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Old 10-31-2008, 09:15 AM   #38 (permalink)
Brad Stengel
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Join Date: Aug 2008
Location: Boston, MA
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#20

Pere Ubu
"Terminal Tower: An Archival Collection, Non-LP Singles & B-Sides 1975-1980"(1965)


Pere Ubu has taken the longest out of any album on this list for me to get into. Most of them took a bit to warm up to-but I bought this in the summer of 2006, and only this past spring have I come to fully embrace it. The reason is simple-this is challenging music, and although this music was released thirty years ago, it sounds as though it could have been today, and still remained on the cutting edge. Pere Ubu is probably further ahead of their time than any other band I've ever heard. With odd tape loops and sound collages married with off kilter guitar and bass arrangements, Frank Thomas, the lead singer, with his low, soulful, yet disconnected howl, it's brilliant!

The song that made me go out and buy this, "Final Solution" is by far one of their best, and a proto/post-punk classic. With Pere Ubu's most straightforward lyrics, about a pimply teenager no less-it's their official 'gateway track' their least strange song, and thankfully, motivating enough to make you want more.

This is one of maybe only 4 or 5 albums in my collection where every song sounds completely different, which is an incredible feat in and of itself, nevermind the fact that almost every song here is completely original and sounds like almost nothing else at the time. One exception being, "Heaven", another favorite of mine. With a stuttering reggae beat, and a fabulous solo that proves Pere Ubu could have been a great pop band had they not chosen the long rugged path of obscurity, this song almost makes you forget who you're listening to-other than the creepy engine noises in the background of course.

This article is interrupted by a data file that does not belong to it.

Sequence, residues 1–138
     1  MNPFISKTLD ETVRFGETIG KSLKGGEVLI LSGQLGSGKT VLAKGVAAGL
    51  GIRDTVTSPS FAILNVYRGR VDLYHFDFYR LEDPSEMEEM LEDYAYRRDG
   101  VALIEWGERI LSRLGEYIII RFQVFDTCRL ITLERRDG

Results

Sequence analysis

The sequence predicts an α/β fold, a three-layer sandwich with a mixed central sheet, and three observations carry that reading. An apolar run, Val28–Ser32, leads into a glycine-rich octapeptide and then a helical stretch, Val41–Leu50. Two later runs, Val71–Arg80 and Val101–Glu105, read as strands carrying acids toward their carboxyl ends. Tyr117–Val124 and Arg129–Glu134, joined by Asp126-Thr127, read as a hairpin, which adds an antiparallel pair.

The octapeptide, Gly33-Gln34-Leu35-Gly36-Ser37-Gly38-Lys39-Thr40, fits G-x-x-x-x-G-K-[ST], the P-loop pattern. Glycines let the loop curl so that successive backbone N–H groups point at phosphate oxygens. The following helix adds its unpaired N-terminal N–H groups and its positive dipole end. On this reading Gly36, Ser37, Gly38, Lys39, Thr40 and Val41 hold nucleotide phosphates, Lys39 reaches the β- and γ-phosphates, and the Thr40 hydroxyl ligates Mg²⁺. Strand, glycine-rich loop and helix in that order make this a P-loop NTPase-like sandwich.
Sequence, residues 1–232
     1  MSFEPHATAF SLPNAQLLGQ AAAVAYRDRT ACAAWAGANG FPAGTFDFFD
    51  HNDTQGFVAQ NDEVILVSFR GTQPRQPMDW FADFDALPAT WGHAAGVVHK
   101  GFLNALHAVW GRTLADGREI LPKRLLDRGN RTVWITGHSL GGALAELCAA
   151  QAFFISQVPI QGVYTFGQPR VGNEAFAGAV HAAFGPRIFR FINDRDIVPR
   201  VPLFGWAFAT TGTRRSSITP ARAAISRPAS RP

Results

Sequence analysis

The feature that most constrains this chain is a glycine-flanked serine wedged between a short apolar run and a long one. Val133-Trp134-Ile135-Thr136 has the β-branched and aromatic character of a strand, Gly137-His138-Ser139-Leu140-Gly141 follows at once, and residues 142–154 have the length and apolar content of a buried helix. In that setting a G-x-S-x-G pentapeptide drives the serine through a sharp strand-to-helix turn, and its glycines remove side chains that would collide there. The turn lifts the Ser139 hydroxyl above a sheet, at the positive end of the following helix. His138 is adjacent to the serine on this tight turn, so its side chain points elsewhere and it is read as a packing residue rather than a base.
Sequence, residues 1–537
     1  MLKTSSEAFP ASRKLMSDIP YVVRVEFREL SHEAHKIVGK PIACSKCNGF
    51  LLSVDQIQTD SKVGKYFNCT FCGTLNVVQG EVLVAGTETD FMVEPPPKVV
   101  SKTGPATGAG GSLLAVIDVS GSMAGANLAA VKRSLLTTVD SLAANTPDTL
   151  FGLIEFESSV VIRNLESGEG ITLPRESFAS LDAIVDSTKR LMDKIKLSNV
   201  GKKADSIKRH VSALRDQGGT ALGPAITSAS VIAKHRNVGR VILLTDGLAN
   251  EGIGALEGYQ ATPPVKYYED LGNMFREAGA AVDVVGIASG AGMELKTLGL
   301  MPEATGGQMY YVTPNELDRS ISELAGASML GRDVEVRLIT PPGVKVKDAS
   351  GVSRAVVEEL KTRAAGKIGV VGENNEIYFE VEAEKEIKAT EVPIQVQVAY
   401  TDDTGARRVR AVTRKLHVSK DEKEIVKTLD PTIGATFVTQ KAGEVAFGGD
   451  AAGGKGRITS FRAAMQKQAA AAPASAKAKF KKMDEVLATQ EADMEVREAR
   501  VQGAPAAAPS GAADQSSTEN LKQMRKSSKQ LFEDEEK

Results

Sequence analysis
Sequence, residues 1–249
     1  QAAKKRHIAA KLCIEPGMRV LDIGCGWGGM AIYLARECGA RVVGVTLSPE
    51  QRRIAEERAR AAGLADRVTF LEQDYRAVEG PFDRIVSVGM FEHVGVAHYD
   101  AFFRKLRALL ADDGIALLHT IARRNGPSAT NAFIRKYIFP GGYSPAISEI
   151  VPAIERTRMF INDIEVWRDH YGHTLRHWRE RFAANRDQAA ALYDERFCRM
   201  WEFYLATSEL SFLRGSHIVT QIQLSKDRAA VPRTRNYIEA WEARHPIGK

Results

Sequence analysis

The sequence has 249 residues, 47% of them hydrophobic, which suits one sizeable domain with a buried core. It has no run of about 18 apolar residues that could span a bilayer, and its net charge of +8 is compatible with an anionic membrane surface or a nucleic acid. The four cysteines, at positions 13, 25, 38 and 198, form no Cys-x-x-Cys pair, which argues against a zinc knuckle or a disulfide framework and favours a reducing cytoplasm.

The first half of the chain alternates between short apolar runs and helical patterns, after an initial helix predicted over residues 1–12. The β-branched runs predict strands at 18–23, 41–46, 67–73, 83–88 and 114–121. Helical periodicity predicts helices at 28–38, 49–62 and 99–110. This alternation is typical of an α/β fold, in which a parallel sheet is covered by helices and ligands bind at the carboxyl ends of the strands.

I go back and forth with alot of these songs in choosing what my favorite is, but "30 Seconds Over Tokyo" was the song that really opened my eyes and showed me that Ubu had more to offer other than, "Final Solution". Theres really no way to describe this song, other than it takes the most unlikely and challenging of approaches to a song, and the result is fucking awesome, especially the ending.

Pere Ubu, other than maybe Television, is the only band I've seen classified as both proto-punk and post-punk. Their timing was early-a few of the singles on here were released before "Anarchy In The U.K.", yet the sound is undeniably post-punk, a sound that takes all the attitude and straightforwardness of punk, and adds experimentation. This band sounds like they've invented a time machine, went into the future, listened to lots of Talking Heads, Gang of Four, and Mission of Burma, came back to 1975, and did it all first. Or they were just that groundbreaking in the first place. Both explanations are tough for me to swallow, so I'll have to get back at you on that one.
91/100
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